Monday, March 28, 2016

A Spotted Wagtail?



Anyone got some suggestions?

I photographed this Willie Wagtail at Wonthaggi some weeks back and the white spots on the wings are bothering me.


A quick scan of a few field guides produced a nil result. No mention of white spots in the wing. A Google Image scan produced one or two images of WW’s with some smudgy/indistinct wing markings but the relevant web pages made no mention.

These are very distinct and sharp spots!?



Grey Fantails can have white tips to their wing coverts but they appear as thin white lines, not spots.

I guess I just put it down to another aberration in the bird world.
Gouldiae

Sunday, March 13, 2016

Catchin' Up a Little.



Sometimes life seems to get in the way. Often after a ‘field expedition’ I have great intentions of writing up where I’ve been, what I saw, why it seems important or more usually otherwise, but getting around to doing so often goes onto the back-burner. This entry is an attempt to render that situation – at least a little.

In no particular order …


Above - Button Grass catching some early morning light in Bunyip State Park.
Below - De vogelwachter getting aquainted with an Aussie icon at Mt Worth State Park.



Above - Gum Leaf Katydid at home, (Drouin). The red eye removal tool didn't help!
Below - Scarlet Robin McGlone Rd Drouin, a day after a local said he hadn't seen a Scarlet Robin in town for years.




Above - Heliotrope Moth in the grass at the Langwarrin Flora and Fauna reserve.
Below - Tent Weaving Spider wrapping some prey in a silk coffin, (hard to see in this shot).


Finally, below - A female Superb Fairy-wren eyeing me from her favourite Swordgrass bush.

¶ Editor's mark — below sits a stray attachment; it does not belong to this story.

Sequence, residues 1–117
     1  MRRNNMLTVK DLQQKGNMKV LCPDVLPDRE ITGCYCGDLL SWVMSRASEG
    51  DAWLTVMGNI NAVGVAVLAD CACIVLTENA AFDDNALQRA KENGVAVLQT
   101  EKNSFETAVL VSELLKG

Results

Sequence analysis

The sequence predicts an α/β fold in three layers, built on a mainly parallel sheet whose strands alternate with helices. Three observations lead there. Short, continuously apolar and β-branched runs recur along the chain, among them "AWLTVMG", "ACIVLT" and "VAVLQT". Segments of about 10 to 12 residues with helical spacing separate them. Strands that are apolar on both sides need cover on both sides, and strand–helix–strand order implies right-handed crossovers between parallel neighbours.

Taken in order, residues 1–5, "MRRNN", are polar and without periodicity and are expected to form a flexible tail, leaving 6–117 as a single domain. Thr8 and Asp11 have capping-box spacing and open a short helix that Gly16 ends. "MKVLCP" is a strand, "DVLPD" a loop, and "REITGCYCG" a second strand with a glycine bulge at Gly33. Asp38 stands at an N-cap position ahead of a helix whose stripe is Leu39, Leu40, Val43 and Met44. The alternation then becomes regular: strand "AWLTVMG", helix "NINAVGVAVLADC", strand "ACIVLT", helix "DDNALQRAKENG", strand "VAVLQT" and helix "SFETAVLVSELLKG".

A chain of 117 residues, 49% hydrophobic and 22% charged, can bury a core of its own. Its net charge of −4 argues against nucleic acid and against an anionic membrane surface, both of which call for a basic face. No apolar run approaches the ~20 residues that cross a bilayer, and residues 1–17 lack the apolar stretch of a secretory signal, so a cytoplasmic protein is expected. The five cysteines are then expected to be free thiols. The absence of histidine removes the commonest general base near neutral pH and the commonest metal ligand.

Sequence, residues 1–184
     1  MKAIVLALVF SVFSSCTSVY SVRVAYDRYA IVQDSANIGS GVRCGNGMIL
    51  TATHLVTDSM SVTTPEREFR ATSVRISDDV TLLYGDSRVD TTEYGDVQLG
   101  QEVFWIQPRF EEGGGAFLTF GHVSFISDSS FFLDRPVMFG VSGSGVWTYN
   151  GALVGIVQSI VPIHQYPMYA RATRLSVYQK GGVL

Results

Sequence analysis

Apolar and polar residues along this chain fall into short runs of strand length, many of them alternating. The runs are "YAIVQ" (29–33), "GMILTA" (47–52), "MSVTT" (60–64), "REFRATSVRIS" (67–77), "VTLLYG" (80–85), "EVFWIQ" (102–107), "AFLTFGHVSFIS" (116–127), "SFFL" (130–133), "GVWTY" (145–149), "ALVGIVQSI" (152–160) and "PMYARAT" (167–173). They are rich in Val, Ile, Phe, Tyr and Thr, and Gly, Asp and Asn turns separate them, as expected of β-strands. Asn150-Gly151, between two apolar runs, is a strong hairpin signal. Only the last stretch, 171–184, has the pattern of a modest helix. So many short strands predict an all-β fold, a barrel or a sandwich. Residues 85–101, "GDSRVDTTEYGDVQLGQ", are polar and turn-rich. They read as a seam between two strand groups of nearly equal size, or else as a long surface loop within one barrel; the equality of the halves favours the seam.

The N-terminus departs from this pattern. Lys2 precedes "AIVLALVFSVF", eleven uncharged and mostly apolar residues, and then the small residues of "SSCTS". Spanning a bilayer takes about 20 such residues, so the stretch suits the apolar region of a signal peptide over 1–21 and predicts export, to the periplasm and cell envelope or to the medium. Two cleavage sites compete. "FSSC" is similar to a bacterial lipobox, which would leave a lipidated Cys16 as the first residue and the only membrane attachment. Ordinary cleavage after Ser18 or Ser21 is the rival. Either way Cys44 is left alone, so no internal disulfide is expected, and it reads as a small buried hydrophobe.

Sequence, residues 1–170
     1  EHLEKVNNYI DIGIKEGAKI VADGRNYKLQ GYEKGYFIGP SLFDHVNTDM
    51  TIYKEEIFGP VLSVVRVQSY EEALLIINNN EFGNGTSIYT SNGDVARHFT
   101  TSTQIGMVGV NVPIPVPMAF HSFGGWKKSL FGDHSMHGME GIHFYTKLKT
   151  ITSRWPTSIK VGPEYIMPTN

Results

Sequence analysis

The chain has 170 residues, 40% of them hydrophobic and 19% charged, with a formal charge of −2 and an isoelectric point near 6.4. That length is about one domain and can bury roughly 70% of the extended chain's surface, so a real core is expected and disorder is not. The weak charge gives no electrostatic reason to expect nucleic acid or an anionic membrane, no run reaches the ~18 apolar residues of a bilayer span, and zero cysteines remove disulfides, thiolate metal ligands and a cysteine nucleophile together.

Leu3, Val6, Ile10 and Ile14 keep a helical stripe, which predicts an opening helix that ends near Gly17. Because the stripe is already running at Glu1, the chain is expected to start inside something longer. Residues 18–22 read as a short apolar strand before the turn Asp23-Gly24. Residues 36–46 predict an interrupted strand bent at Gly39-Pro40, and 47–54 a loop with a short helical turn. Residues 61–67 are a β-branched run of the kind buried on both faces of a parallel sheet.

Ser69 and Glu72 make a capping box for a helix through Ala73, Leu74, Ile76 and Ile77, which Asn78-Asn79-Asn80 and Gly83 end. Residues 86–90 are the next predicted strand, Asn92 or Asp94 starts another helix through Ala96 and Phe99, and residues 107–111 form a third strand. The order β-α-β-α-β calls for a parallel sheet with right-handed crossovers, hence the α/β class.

Friday, March 4, 2016

Bucket List Bird (sort of)




I finally got the chance to very quickly point the camera at, and get some just acceptable shots of a Southern Emu Wren at the Wonthaggi Heathlands today.
 

These little birds have been avoiding me for some time now. In two or three locations I’ve managed some momentary distant views through the binoculars, or had one dash across my path only a metre or two away then to disappear in the undergrowth. I think the word is frustration.



After spending some time wandering around the tracks at Wonthaggi and being entertained by all and sundry – Little Wattlebirds, White-eared, Yellow-faced and New Holland Honeyeaters, Dusky Woodswallows, Red-browed Finches, Grey Currawongs, etc, a fox and a wallaby…., I turned my head for home and did a ‘cross country’ to return to the ute.



The classic pose of the Southern Emu Wren is atop a piece of heath in some early morning sunshine, (like this one and this one by John Cantwell), but beggars can’t be choosers and today’s views will sate me for a little while.

The Southern Emu Wren is a sweet little clandestine bird and the quest for THAT shot continues.
Gouldiae